LIPTRAP WAS LONG TIME COACH, OFFICIAL FOR VINTON SPORTS

By Sports editor Brian Hoffman

Freddie Liptrap

Vinton lost a good friend on Sunday when Freddie Liptrap passed away at the age of 80 at Pheasant Ridge Skilled Care and Rehab Center.

Freddie was well known among the baseball crowd, as he coached the game on many levels for most of his life. Long time youth coach Bruce Spencer credits Freddie for getting him involved in Vinton baseball.

“He got me into coaching,” said Spencer. “I was in from college and playing basketball down at the War Memorial. The baseball coaches were at JC field having a meeting and realized they were going to need another coach. He asked me if I would be interested in coaching. Forty years later, I’m still coaching.

“I remember when he first started helping me coach. I was at the nursing home to see my dad and ran into him. He mentioned to me he was not umpiring any more. I asked him if he would be interested in helping me coach and I let him know our first practice was that night at 7:30, which was in one hour. Sure enough, he was there and helped me for over 10 years.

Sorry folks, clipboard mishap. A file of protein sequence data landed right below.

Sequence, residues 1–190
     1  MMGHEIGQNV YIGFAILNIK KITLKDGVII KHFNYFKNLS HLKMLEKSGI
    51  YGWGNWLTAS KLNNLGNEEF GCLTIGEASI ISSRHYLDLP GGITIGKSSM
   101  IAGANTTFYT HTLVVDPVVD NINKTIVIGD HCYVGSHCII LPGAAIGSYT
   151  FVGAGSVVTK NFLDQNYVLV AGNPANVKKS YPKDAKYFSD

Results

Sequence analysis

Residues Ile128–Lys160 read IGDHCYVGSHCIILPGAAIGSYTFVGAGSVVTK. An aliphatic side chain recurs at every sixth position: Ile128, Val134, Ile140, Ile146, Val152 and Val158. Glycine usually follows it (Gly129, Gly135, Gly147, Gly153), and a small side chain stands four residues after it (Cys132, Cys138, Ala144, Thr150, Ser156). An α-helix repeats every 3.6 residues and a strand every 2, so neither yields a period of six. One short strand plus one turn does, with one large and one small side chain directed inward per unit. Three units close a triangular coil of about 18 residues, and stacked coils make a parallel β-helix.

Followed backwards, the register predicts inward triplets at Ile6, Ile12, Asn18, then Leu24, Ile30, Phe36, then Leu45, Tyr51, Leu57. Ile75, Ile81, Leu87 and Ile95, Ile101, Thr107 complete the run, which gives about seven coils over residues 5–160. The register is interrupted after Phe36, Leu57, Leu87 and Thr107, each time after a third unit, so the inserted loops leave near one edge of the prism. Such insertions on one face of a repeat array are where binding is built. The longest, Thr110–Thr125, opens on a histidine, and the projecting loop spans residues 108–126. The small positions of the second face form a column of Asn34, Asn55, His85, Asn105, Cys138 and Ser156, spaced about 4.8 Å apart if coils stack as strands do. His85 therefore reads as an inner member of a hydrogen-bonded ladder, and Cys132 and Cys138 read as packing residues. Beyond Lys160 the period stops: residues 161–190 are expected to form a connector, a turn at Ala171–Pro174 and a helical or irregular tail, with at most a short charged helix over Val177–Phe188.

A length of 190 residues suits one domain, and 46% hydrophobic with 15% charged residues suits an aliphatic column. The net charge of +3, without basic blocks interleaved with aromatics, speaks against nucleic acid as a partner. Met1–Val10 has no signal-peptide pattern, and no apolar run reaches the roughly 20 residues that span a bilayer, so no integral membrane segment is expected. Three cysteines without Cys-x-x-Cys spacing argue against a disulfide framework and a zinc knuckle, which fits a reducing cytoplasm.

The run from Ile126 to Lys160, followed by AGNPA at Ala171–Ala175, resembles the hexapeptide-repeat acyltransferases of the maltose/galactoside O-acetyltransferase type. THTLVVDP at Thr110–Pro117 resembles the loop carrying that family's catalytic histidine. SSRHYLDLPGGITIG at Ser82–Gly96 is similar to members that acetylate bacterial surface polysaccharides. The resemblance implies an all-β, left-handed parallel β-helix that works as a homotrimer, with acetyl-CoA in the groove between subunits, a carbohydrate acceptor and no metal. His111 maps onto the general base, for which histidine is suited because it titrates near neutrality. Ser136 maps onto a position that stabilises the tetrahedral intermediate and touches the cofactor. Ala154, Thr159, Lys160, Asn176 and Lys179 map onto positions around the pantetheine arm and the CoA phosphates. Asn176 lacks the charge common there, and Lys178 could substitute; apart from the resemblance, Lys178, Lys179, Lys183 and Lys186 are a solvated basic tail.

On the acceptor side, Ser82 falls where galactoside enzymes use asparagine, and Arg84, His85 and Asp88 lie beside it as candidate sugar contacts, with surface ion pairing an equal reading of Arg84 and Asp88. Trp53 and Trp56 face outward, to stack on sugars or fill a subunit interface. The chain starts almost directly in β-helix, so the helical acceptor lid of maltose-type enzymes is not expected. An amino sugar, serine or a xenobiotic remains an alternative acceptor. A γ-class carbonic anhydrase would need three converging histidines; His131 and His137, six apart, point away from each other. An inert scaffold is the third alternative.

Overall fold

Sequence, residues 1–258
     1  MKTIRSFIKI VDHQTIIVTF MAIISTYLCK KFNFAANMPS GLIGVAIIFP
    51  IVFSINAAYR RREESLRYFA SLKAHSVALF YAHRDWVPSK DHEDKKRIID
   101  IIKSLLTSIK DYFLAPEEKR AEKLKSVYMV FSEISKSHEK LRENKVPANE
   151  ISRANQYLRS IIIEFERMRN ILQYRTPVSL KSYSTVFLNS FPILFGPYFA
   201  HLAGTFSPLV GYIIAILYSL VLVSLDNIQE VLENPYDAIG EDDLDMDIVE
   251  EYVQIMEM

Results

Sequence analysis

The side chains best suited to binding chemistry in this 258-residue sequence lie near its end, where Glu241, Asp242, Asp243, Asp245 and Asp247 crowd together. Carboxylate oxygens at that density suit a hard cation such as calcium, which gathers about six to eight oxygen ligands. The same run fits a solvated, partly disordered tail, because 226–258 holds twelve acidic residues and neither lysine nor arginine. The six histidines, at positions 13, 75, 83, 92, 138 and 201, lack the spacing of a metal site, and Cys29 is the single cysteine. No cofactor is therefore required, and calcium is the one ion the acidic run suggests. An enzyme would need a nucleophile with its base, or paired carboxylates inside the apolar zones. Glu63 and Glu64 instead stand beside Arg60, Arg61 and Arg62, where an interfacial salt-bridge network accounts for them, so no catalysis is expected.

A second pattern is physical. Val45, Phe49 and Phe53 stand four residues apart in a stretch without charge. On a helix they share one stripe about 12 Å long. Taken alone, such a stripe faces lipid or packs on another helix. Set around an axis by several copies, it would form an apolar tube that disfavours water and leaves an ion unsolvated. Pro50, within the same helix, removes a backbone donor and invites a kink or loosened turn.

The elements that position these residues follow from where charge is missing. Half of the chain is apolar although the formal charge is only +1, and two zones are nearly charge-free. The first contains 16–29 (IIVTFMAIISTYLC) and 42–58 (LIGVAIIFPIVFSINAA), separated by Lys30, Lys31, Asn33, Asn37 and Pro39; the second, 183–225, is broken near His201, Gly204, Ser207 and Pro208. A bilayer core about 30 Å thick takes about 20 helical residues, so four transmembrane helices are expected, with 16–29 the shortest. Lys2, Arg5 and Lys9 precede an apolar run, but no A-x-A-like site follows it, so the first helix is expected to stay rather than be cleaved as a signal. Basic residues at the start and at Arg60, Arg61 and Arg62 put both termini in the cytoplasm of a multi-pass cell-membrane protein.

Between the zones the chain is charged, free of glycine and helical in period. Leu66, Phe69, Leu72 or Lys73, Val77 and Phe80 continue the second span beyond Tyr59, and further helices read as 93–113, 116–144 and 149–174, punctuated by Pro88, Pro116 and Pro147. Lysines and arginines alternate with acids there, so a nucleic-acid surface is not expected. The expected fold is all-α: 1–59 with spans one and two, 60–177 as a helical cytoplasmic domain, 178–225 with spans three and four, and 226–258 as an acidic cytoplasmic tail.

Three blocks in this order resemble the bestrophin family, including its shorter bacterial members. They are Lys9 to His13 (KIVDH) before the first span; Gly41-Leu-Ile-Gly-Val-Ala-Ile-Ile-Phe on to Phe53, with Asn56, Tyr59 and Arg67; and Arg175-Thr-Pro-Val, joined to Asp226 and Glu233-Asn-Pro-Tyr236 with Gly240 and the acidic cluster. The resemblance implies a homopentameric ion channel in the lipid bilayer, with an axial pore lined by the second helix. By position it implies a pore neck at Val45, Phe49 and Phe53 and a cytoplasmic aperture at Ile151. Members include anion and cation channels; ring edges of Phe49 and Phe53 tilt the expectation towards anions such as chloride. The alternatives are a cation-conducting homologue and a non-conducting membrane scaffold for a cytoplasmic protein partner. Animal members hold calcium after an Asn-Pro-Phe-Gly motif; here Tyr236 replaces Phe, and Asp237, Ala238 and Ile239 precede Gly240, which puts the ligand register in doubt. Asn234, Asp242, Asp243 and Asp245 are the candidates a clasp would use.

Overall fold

“He had a real passion for helping kids and I learned so much from him. He will truly be missed.”

A graduate of the now-defunct Clifton Forge High School, Liptrap played football, basketball and baseball for the Mountaineers and is a member of the Clifton Forge High School Hall of Fame. He also umpired and refereed and helped his son coach teams at Roanoke Catholic and Craig County.

“He was all about kids,” said former William Byrd baseball coach and athletic director Gary Walthall. “He officiated hundreds of recreation baseball and basketball games, then returned to coach with two of his best friends, Bruce Spencer and Larry Light. He left such a positive mark on many young players lives and touched many of us who coached and were involved in Vinton sports and William Byrd athletics. Such a sad time but his legacy will last forever.”

All who knew him will forever remember Freddie and the time he spent working with young athletes.

“He was a great man,” said Vinton youth baseball coach Ricky Carr. “He loved working with the kids.”

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